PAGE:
With how loudly their influence resonates throughout popular music, culture, film, and television, it makes perfect sense Tear For Fears—Roland Orzabal [vocals, guitar, keyboards] and Curt Smith [vocals, bass, keyboards]—presciently nodded to primal scream therapy with their chosen moniker way back in 1981.

Beyond selling 30 million albums worldwide, performing to countless sold out audiences, and winning various awards, the duo’s DNA remains embedded within three generations of artists on both subtle and overt levels. Quietly casting a shadow over rock, hip-hop, electronic dance music, indie, and beyond, Kanye West interpolated “Memories Fade” on “The Coldest Winter” from the seminal 808s & Heartbreak, The Weekend infused “Pale Shelter” into Starboy’s “Secrets,” David Guetta sampled “Change” for “Always,” and Drake utilized “Ideas as Opiates” as the foundation for “Lust For Life,” while Ally Brooke Hernandez, Adam Lambert, and Gary Jules recorded popular covers of “Mad World” and Disturbed took on “Shout,” to name a few. Lorde cut a haunting cover of “Everybody Wants To Rule The World” for the Soundtrack of the blockbuster The Hunger Games – Catching Fire, which Tears For Fears gleefully would use as intro music live and thus bring everything full circle. Meanwhile, classic songs figure prominently everywhere from The Wire and Donnie Darko to Straight Outta Compton and Mr. Robot. Long before, they became a cultural cornerstone Tears For Fears simply consisted of two school friends growing up in Bath, Somerset UK.

Representing an inimitable intersection of pop palatability, clever and cognizant lyricism, guitar bombast, and new wave innovation, their 1983 debut The Hurting yielded anthems such as “Mad World,” “Change,” and “Pale Shelter,” reaching RIAA Gold status in the United States. 1985’s Songs from the Big Chair became a watershed moment for the group and music at large. Boasting the signature BRIT Award-winning “Everybody Wants to Rule the World,” “Shout,” “Head over Heels,” “Mothers Talk” and “I Believe (A Soulful Re-Recording),” it went quintuple-platinum and captured #1 on the Billboard Top 200. Slant dubbed it one of “The Best Albums of the 1980s,” it featured in the book 1001 Albums You Must Hear Before You Die, and Consequence of Sound awarded it a rare A+ rating in a 20-year retrospective.

1989’s Seeds of Love proved to be Roland and Curt’s last collaboration together until Everybody Loves A Happy Ending in 2004, which rekindled the creative fire between them. Breaking another quiet spell, the boys engaged in a three-year touring whirlwind across North America, Japan, South Korea, Manila, and South America beginning in 2010. 2013 saw them return with their first recorded music in a decade: a cover of Arcade Fire’s “Ready to Start.” It proved to be a welcome addition to their three-decade discography of immortal hits ranging from “Mad World,” “Change,” and “Pale Shelter” to “Everybody Wants To Rule The World,” “Shout,” “Sowing The Seeds of Love,” and “Everybody Loves A Happy Ending.”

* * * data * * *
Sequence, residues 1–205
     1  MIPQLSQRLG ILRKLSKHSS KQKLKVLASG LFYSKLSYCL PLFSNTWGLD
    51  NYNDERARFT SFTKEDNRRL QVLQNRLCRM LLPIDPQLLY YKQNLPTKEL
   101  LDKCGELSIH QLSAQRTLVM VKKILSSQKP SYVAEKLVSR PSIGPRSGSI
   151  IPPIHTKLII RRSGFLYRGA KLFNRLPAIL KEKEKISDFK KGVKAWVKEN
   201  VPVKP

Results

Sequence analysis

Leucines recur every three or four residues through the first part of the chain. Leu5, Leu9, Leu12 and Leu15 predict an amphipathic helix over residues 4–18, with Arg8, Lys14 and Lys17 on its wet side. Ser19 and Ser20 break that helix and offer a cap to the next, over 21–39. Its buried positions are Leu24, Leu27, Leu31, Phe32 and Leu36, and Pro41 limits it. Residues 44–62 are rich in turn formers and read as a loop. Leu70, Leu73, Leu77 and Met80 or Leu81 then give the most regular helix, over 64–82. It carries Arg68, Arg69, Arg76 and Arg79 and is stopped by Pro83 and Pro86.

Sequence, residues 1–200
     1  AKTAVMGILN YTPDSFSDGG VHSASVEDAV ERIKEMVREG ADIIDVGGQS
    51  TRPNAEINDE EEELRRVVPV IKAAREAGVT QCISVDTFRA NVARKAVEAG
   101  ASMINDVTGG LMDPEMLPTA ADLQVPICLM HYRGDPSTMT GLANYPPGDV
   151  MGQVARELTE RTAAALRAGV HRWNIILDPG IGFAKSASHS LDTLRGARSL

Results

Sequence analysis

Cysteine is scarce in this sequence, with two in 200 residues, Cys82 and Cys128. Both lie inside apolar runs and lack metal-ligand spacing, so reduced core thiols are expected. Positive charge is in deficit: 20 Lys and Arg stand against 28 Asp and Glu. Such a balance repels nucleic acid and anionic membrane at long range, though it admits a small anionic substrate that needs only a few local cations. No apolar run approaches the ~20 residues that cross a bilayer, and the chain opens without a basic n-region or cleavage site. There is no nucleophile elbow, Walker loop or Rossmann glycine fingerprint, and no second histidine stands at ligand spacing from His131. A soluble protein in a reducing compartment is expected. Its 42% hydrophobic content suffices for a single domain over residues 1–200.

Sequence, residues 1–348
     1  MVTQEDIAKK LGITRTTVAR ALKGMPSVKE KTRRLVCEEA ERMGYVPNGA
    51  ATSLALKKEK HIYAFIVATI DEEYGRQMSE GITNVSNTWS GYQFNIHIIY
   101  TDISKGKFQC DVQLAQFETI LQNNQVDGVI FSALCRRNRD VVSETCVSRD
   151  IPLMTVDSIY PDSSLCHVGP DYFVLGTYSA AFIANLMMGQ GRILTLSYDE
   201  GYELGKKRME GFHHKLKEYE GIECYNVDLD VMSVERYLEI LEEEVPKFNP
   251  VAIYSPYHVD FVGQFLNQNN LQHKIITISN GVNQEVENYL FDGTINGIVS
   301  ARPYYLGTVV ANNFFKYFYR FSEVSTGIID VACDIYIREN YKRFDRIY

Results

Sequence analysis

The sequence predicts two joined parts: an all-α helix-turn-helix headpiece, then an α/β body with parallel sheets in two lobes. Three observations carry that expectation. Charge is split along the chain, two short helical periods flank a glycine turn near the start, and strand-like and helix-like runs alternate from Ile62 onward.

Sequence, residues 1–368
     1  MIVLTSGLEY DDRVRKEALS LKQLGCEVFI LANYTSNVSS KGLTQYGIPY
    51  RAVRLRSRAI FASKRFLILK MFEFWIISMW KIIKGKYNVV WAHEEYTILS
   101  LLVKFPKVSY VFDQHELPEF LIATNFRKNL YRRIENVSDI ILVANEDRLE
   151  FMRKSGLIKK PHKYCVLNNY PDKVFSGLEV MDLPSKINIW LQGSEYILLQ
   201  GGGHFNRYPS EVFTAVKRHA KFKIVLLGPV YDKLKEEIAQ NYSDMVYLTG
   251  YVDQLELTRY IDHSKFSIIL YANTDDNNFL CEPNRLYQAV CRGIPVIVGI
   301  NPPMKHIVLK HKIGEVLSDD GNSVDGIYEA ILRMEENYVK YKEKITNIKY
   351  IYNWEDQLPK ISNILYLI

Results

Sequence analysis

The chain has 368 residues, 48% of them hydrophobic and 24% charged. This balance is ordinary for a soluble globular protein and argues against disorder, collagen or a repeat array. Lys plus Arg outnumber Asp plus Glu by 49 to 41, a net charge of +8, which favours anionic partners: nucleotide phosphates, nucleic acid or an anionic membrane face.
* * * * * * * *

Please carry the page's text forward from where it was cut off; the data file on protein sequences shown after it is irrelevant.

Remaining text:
Now, 2017 marks the beginning of a new era for the band. Signed to Warner Bros. Records, they will release their seventh full-length album, fifth for Roland and Curt together, and first in 13 years following a summer co-headline tour with Hall & Oates.

Roland and Curt remain as loud as ever, while another generation gets ready to “Shout” with them all over again.
Allen Stone
Allen Stone
On his third full-length album, soul artist Allen Stone proves himself deeply devoted to making uncompromisingly soulful music that transcends all pop convention. Made in collaboration with Swedish soul singer/songwriter/phenom Magnus Tingsek, Radius captures the warm energy of that creative connection and transports the listener to a higher and more exalted plane. Now embarking even higher ATO Records will be releasing Radius Deluxe on March 25th, which will include a second disc of 7 bonus tracks that didn’t make the original record release.

“I couldn’t be happier to return to ATO,” Stone exclaimed. “They are a label that works tirelessly for their artists. Their team is made up of genuine music lovers whose concern is creating timeless art not bolstering their 401k’s.”

Radius marks the follow-up to the Chewelah, Washington-bred 28-year-old’s self-released and self-titled 2011 sophomore effort that climbed to the top 10 on Billboard’s Heatseekers chart. As the New York Times recently said Stone’s lyrics “promise honest sentiments, grooves built with physical instruments and a gospel-rooted determination to uplift ... glimmers of Al Green, Bill Withers, Curtis Mayfield, George Clinton, Prince and a bit of Sting."

Along with immersing himself in a songwriting approach that involved unflinching examination of “some very dark and negative moments in my life,” Stone shaped the sound and feel of Radius by pushing himself to “get past the boundaries of what I felt comfortable with, so that I could progress into a whole new level of creativity.” Despite that sometimes-daunting process, Radius wholly reveals Stone’s easy grace in blending everything from edgy soul-pop and earthy folk-rock to throwback R&B and Parliament-inspired funk.

Culled from several dozen songs penned through a year and a half of constant writing and refining, Radius Deluxe bears a title that reflects both its scope and intimacy.

“The radius is that line extending from the center of the circle to its exterior,” says Stone. “And in a lot of ways this album is about getting out things deep inside—whether it’s love or insecurity or joy or frustration about things going on today.”